BERKELEY (CBS SF) -- A group representing the wireless industry has filed a lawsuit to put Berkeley's cellphone ordinance on hold, saying it violates the First Amendment.
The ordinance, or so-called 'right to know measure,' requires cellphone providers to post an advisory about potential radiation danger posed by the devices. It would be the first of its kind in the nation. It would have gone into effect in August.
In the lawsuit, The Wireless Association (CTIA) charges the claims of health risks are "false."
"It is unconstitutional to force cellphone retailers to communicate false, misleading and inflammatory information about their products," CTIA said in a statement.
Berkeley's city council unanimously approved the measure last May. Cellphone retailers would have to give customers a notice about the minimum separation distance a cellphone should be held from the body.
The Federal Communication Commission recommends keeping cellphones 5 to 25 millimeters away, depending on the model, to limit radio frequency (RF) exposure to safe levels.
The safety notice would read: "If you carry or use your phone in a pants or shirt pocket or tucked into a bra when the phone is ON and connected to a wireless network, you may exceed the federal guidelines for exposure to RF [radio frequency] radiation. This potential risk is greater for children. Refer to the instructions in your phone or user manual for information about how to use your phone safely."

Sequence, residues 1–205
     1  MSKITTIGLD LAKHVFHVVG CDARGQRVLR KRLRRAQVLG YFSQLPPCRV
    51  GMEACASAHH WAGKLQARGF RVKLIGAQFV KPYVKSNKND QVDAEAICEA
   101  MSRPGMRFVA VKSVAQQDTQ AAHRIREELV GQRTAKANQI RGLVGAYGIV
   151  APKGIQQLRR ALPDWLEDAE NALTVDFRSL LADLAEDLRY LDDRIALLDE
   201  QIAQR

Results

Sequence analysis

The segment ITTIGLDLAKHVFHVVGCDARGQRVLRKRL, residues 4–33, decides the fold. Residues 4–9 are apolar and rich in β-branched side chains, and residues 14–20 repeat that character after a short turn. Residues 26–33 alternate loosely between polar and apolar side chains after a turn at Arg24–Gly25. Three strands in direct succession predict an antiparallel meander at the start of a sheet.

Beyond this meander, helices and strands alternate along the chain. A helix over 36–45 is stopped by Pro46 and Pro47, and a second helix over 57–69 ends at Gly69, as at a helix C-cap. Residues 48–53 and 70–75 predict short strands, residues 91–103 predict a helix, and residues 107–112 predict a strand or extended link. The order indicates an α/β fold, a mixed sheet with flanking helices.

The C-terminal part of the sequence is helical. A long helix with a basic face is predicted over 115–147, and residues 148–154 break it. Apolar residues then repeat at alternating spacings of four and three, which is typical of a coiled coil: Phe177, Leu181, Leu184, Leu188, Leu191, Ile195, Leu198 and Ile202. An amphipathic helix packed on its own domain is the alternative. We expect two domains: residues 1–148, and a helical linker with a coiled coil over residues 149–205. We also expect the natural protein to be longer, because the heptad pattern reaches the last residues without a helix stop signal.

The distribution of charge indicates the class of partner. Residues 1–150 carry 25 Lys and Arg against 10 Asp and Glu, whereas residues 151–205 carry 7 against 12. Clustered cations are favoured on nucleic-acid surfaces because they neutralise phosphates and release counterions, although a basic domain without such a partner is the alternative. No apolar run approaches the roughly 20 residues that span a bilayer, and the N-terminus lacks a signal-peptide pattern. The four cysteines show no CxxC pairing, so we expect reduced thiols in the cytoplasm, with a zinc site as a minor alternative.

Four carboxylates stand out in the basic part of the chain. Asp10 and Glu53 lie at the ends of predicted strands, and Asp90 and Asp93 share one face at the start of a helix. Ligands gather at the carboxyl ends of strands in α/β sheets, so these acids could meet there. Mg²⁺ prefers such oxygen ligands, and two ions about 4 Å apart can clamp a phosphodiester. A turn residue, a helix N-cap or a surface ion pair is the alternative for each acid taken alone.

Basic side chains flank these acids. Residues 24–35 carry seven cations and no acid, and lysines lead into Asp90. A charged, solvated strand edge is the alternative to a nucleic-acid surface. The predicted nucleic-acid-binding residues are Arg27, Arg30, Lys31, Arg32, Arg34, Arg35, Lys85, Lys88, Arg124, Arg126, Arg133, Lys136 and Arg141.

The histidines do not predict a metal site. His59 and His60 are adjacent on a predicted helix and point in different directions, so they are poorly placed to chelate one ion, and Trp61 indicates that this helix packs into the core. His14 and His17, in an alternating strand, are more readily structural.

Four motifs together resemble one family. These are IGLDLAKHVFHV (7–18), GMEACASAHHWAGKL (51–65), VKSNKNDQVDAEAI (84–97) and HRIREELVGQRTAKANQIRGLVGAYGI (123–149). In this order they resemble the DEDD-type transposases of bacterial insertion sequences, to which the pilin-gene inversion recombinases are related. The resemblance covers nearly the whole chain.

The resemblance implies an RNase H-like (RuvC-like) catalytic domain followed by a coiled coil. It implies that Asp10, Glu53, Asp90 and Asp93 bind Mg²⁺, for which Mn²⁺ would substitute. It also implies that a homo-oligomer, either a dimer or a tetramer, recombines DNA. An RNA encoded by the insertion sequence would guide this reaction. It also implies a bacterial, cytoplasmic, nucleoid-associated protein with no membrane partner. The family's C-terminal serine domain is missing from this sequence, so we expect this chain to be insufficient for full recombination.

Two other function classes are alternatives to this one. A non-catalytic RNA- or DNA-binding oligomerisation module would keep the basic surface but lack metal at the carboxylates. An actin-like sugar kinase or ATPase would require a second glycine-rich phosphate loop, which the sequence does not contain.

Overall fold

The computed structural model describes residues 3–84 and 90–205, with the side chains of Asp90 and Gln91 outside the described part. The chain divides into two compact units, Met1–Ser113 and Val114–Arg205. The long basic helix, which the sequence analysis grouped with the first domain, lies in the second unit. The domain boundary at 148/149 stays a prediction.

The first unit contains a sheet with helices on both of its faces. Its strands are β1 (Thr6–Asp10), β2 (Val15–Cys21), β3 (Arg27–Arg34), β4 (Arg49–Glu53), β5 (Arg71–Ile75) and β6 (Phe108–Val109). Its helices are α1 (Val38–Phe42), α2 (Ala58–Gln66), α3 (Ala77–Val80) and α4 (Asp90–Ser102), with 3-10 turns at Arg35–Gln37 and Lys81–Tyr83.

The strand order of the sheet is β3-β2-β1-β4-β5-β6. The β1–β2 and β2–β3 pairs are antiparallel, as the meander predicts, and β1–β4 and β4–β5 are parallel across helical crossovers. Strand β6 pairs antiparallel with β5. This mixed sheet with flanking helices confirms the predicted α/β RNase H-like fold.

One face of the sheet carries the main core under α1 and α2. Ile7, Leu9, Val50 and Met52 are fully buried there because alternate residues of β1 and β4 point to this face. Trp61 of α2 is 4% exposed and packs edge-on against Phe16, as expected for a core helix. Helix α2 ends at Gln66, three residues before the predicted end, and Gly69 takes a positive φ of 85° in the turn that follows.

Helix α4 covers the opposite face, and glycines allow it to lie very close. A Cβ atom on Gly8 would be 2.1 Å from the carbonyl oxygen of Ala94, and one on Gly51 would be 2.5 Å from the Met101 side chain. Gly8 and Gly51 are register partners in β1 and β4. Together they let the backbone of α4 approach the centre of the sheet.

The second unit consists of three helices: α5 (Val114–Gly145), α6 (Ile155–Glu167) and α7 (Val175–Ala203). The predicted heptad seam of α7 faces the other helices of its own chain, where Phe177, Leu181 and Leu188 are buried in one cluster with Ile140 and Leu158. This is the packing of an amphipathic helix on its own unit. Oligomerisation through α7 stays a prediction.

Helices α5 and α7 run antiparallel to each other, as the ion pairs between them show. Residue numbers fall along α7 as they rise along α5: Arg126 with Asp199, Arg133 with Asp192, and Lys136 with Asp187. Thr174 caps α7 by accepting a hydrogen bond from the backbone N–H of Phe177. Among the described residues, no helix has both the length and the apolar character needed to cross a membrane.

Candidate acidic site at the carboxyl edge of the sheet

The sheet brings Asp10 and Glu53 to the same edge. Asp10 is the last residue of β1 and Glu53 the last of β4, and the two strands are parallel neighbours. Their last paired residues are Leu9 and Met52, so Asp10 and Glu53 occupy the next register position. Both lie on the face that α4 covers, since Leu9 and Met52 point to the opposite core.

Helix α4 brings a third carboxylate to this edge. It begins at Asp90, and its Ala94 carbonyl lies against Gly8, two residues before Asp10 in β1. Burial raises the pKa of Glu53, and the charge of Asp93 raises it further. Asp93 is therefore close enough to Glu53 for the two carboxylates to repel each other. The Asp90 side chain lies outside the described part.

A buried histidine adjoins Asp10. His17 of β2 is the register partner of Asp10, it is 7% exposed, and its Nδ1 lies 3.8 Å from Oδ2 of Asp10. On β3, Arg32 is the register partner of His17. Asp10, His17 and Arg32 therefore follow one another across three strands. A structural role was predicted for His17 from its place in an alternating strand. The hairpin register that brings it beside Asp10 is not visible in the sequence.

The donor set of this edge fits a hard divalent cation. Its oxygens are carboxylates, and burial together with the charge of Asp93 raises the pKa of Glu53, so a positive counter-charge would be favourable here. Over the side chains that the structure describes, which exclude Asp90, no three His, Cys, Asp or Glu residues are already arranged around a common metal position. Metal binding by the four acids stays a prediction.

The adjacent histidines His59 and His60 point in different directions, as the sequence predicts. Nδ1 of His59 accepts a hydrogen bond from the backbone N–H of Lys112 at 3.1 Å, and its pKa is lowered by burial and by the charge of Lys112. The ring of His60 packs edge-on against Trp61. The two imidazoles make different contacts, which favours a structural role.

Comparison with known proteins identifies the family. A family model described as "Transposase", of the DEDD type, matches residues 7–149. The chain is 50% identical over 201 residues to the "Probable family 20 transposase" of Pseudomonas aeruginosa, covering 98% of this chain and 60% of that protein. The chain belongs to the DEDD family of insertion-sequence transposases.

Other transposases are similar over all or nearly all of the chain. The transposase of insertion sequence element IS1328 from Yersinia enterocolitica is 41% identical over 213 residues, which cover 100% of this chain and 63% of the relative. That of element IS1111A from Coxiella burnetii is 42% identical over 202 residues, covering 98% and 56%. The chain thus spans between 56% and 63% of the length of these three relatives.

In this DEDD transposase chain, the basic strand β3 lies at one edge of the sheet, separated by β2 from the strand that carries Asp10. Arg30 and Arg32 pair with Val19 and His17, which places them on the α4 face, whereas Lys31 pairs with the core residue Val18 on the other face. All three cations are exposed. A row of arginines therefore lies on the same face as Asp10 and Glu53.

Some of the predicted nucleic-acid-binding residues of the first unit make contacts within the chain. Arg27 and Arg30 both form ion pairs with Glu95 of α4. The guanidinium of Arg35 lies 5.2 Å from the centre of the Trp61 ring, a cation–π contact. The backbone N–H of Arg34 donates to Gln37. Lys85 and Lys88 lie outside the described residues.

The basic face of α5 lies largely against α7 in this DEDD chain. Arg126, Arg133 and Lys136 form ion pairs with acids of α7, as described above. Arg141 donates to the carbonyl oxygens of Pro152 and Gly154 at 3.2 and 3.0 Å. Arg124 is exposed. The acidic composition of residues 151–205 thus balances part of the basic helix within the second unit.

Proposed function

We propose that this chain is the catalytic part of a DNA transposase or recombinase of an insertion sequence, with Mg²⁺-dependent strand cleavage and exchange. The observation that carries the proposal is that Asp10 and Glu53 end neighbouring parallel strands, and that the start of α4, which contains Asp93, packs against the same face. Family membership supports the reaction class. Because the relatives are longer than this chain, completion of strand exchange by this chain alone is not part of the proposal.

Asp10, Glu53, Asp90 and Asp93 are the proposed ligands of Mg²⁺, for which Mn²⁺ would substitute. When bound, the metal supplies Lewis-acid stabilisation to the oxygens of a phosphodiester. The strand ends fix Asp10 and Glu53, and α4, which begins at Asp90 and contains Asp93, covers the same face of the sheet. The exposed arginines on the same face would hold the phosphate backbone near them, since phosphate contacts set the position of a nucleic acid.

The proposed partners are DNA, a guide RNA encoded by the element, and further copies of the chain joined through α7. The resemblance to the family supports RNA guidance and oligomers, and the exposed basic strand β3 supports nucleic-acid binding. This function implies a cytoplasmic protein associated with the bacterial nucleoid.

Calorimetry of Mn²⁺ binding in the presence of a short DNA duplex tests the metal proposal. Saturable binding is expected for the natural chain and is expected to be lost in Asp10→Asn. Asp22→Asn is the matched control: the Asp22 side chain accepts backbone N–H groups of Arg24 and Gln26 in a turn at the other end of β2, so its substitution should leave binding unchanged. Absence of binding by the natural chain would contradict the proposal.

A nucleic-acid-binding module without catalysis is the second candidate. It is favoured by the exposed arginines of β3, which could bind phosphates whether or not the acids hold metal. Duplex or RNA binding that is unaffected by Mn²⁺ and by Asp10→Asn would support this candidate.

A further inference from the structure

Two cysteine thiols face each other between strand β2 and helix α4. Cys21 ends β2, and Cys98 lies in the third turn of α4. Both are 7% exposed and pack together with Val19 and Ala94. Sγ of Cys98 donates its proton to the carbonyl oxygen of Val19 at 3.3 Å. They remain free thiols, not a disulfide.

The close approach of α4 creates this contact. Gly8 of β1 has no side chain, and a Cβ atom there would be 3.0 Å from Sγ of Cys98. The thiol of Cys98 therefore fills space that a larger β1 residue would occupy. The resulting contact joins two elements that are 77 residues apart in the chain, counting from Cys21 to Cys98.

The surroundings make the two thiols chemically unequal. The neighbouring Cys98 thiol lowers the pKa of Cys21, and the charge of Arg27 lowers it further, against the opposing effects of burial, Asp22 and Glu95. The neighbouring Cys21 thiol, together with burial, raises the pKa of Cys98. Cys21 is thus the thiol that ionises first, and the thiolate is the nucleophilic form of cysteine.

The World Health Organization has classified cellphone radio frequency as "possibly carcinogenic to humans" but research, so far, has been contradictory. The National Cancer Institute states "there is currently no evidence that non-ionizing radiation [from cellphones] increases cancer risk."
The lawsuit charges Berkeley lawmakers with inciting "unfounded public anxiety and fear about a product that is so important to its citizens' everyday lives."
The case will be heard in a San Francisco court August 6.
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